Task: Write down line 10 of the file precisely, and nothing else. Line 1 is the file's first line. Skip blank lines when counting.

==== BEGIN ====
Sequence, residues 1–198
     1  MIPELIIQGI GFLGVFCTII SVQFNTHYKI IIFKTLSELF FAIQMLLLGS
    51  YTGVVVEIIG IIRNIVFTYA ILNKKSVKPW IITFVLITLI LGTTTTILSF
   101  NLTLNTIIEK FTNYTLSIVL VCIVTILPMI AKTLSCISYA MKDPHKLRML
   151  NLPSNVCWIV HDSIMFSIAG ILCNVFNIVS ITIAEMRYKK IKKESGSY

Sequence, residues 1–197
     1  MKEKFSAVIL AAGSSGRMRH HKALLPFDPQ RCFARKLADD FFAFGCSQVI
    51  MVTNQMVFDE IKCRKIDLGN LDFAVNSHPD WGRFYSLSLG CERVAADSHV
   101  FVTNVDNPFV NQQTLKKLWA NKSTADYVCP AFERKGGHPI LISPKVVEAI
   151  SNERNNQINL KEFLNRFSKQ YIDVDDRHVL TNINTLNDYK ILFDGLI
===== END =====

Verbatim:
   151  SNERNNQINL KEFLNRFSKQ YIDVDDRHVL TNINTLNDYK ILFDGLI